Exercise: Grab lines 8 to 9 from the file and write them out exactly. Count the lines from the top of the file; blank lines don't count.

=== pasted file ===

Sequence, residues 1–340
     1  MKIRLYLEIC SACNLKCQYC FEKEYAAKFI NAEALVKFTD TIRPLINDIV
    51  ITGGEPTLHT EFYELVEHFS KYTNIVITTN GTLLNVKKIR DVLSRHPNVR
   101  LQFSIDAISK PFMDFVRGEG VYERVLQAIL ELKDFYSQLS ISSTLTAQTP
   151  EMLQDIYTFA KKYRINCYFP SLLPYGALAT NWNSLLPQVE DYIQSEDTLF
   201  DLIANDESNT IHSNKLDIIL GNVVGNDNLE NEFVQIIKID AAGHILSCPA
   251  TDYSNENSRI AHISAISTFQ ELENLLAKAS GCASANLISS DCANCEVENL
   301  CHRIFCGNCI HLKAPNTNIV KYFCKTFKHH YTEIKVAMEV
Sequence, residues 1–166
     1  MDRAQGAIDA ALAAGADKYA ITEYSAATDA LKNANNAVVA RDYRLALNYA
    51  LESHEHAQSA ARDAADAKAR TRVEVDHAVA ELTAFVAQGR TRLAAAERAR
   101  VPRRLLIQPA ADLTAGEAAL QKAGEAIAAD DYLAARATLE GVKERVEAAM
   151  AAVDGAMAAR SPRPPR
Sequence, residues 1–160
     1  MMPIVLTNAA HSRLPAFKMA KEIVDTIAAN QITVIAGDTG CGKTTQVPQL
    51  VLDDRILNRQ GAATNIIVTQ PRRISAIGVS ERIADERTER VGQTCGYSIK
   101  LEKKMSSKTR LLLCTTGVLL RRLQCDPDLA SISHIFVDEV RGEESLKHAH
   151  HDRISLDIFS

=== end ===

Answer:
   301  CHRIFCGNCI HLKAPNTNIV KYFCKTFKHH YTEIKVAMEV
Sequence, residues 1–166